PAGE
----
DESPITE tax incentives introduced by the Cyprus government in efforts to boost the island’s property sector, the number of properties bought during 2012 hit a record low.
The latest figures from the Department of Lands and Surveys reveal that property sales across Cyprus in 2012 fell to a mere 6,269 from 7,018 in 2011. As can be seen from the chart below, this is the lowest number of sales on record and less than half the number sold more than a decade ago in 2000.
The rise and fall of the property market
The collapse of the domestic market, which started in 2004, resulted from rocketing land prices. Although salaries kept pace with construction costs, land prices shot up more than five times between 1998 and 2008 pricing many local buyers out of the market.
The overseas market, which started to take off when plans for Cyprus to join the European Union were announced, reached its peak in 2007. Its collapse in 2008 was precipitated by the financial turmoil that engulfed the world and the nefarious activities of rogue property developers, lawyers and estate agents that received much publicity in the foreign media with questions being raised in the UK and EU parliaments.
Outlook for 2013
It will come as no surprise that the outlook for the property sector in 2013 remains bleak and that it will be significantly worse than 2012.
Speaking to StockWatch, property valuer Polys Kourousides said “The New Year will continue to be problematic and there will be no recovery because there are four factors that have negative impacts”.
According to Mr. Kourousides, the negative impacts are the lack of liquidity in the market, high interest rates that prohibit any investment, lack of confidence and the high levels of bad debts that will lead to a fall in property prices under the new methodology.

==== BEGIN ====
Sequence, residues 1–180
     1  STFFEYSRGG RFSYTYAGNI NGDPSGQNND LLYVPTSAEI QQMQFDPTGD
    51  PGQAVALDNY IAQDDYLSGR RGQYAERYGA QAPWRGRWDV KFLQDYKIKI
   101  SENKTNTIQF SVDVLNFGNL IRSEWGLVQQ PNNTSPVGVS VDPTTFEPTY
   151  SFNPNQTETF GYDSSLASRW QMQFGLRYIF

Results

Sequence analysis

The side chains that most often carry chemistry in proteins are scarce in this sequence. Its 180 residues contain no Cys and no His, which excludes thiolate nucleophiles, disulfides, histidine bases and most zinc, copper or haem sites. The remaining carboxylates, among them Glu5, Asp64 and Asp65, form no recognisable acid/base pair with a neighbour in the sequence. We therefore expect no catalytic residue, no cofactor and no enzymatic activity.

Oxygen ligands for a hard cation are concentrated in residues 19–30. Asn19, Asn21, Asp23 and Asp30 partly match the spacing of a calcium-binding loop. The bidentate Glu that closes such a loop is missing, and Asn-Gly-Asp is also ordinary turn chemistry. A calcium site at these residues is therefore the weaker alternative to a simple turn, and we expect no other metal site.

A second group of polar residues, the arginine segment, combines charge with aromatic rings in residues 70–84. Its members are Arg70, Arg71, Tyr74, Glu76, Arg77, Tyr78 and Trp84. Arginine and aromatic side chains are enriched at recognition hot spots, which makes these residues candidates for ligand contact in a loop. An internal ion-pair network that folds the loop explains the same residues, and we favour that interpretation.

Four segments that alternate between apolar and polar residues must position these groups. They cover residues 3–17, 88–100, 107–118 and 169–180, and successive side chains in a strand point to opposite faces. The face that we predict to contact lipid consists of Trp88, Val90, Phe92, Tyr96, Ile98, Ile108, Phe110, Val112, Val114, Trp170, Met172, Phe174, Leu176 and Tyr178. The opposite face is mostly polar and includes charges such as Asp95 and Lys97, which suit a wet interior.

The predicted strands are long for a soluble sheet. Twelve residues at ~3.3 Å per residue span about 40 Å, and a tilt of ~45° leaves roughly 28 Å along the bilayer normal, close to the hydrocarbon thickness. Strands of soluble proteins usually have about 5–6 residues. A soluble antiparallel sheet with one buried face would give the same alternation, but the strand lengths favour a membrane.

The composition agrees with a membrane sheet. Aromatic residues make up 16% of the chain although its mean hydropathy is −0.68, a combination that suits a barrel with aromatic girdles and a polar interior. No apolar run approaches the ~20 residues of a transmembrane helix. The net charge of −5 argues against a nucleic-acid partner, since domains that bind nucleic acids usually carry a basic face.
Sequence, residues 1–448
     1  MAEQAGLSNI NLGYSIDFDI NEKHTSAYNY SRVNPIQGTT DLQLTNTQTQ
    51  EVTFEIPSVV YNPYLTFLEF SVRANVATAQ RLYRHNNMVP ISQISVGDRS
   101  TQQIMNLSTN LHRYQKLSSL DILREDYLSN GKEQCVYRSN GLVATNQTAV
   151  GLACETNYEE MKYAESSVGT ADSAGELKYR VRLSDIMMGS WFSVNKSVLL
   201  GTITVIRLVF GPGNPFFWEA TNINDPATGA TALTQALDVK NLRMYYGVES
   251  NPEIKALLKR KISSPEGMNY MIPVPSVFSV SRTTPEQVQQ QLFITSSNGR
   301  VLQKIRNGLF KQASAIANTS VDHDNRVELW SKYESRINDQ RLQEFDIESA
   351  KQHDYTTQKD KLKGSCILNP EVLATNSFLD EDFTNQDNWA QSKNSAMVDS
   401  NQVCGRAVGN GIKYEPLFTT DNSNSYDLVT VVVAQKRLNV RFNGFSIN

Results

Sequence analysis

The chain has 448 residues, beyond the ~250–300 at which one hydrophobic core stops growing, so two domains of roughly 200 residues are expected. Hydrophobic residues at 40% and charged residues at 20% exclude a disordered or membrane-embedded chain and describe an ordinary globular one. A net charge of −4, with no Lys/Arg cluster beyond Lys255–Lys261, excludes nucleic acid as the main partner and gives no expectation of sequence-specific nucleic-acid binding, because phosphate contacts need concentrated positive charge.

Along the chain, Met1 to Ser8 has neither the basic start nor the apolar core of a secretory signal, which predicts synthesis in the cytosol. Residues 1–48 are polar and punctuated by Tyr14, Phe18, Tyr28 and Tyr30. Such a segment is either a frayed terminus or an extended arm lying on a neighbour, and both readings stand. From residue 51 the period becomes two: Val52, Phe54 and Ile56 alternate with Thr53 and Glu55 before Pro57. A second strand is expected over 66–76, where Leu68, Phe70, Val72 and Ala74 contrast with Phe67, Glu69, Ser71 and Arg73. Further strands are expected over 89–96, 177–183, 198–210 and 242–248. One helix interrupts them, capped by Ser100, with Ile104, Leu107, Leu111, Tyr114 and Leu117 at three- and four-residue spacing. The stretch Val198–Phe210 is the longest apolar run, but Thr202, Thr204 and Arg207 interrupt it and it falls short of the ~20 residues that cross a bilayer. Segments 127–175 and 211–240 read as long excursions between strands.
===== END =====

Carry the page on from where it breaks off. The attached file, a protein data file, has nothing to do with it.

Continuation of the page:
According to the Cyprus Central Bank property price index, house prices continued their downward spiral of recent years, with an annual decline of 5.8% in the third quarter of 2012. This is roughly in line with the RICS Cyprus index with an annual decline of 6.0% in residential property prices.
Lakis Tofarides, chairman of the Cyprus Land and Building Developers Association said that “things are so cold in the market that anything could be positive. The February elections will contribute to boost the negative sentiment”.
Solomon Kourouklides, vice president of the Cyprus Real Estate Agents’ Association said “With the completion of the election, uncertainty about the economy will be raised, provided that the new government will act more decisively and will fulfil all procedures on the memorandum. This will be the beginning of the beginning since liquidity will be injected in the state and banking funds”.
This will create a positive prospect provided that funds will be injected to SMEs in Cyprus while the people’s psychology will begin to stabilize and then to be reversed”.
“There is a small ray of hope that properties with the drop in prices will become more attractive for the foreigners, who seem to be the only ones who can buy without a loan”, he added, stressing, however, that recovery is not expected before 2014.
The Financial Mirror concludes that 2013 will be another “Annus Horribilis” for Cyprus based on a consensus of the views expressed by a distinguished panel of seven economists.